The line between conservative and moderate political ideology in Oklahoma became less visible during the 2008 party conventions and presidential election.

A series of public opinion polls conducted by SoonerPoll and TvPoll from October of 2004 reveal that Oklahoma has been trending conservative, though the 2008 presidential campaign moderated that trend for the latter part of 2008.

Poll results show that during the 2008 conventions and election Oklahoma trended away from conservative views as the number of moderates rose 9 percentage points to 41 percent, while conservative numbers dropped 4 points to 46 percent.

“The change during the campaign is sustained, consistent, and statistically-significant,” Keith Gaddie, SoonerPoll.com Vice President, said. “The national presidential campaign penetrated Oklahoma politics and had some moderating effect on the electorate. However, it didn’t really shift many votes.”

Poll results since Obama’s first 100 days as president reveal the trend to be short lived as Oklahomans are more likely to label themselves conservative now than any other time in the last five years. Conservative numbers rose to 58 percent, higher than pre-election figures, while moderate numbers have dropped to 30 percent.

SoonerPoll’s public opinion polls use a scientific random sample to consistently test Oklahoma’s likeliest voters’ political views and track them over time. The surveys used in this analysis had sample sizes of 251 to 752 Oklahoma residents (with a margin of error of ± 6 to ±3.57%). All of the studies used in this release were conducted via telephone using live callers or interactive voice recording.

More results:

• Those who describe their current political beliefs as conservative were more likely (32%) to say they have switched parties in the past compared to those who describe their beliefs as either moderate or liberal; the same is true for those who say they switched to the Republican party (39%) compared to the Democrat or Independent party;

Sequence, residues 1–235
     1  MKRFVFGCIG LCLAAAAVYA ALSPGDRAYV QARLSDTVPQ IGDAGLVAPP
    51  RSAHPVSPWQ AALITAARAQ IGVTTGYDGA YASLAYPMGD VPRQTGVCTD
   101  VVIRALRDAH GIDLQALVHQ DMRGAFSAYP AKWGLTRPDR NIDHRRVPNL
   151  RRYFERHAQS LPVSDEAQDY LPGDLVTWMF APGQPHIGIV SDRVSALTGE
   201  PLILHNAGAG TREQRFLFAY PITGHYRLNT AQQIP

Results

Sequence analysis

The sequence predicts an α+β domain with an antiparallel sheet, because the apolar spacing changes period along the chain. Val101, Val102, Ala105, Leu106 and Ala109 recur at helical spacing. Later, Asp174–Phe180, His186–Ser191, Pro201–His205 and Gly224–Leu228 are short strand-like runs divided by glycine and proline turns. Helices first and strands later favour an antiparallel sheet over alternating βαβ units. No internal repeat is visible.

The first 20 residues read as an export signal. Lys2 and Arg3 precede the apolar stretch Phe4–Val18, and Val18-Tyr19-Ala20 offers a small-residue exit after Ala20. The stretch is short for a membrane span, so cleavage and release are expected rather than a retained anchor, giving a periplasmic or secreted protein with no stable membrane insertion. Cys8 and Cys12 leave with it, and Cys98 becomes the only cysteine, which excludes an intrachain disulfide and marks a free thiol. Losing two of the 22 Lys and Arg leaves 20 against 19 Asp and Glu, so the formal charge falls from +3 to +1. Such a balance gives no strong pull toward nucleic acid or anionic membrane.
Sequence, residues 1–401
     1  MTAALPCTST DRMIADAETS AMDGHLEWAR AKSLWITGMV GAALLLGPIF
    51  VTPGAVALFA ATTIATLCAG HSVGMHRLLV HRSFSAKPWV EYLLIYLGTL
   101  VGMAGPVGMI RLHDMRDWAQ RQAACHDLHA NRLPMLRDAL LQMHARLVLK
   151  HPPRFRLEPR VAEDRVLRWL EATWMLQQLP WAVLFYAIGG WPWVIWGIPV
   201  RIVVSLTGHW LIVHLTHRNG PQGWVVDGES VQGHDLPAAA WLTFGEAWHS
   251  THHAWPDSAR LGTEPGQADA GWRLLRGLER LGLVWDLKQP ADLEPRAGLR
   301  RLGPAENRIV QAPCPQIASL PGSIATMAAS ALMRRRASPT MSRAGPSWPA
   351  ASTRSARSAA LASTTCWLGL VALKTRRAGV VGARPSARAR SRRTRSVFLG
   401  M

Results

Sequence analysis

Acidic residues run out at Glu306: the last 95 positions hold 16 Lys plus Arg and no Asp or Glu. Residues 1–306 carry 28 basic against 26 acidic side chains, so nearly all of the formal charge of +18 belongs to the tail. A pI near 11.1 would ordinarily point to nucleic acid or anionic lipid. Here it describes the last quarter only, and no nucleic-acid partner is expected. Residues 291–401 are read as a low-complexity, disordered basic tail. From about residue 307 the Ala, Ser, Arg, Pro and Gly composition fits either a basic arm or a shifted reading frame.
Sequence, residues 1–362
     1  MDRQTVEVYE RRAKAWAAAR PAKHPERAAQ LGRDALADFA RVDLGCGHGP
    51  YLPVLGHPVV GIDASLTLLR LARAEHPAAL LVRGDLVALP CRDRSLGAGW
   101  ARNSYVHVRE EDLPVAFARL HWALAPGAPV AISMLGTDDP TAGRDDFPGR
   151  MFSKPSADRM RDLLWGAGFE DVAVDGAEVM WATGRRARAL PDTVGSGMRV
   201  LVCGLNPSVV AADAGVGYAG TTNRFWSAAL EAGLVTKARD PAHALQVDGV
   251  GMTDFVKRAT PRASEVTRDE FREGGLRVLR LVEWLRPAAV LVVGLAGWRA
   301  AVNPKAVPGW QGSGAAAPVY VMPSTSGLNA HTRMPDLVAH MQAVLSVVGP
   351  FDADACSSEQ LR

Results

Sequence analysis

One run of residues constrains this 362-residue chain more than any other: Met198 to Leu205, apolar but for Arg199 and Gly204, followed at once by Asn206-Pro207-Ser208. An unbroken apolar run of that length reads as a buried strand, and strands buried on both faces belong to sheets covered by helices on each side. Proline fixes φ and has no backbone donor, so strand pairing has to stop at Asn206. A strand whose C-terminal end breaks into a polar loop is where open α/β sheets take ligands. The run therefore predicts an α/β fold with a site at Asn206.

• Of those who claimed a switch, conservatives were most likely to say they chose their current party because they psychologically identify with it and chose their previous party because their parents identified with it;
• Those younger than 44 (especially those between 35 and 44 years) were 6 points more likely to have switched parties than older voters;
• After answering which political party they most consistently associate with, conservatives were less likely than moderates (7 points less) or liberals (6 points less) to answer ‘legally registered with’ that party.

“All of these findings should be considered in the context of our earlier releases on job approval of the incumbent administration.  Despite the conservative trend in Oklahoma and the anemic showing of Democrats here in the fall campaign, the administration has been getting some benefit of the doubt.  You can expect that approval to collapse when voters in this state reengage politics this time next year,” Gaddie said.

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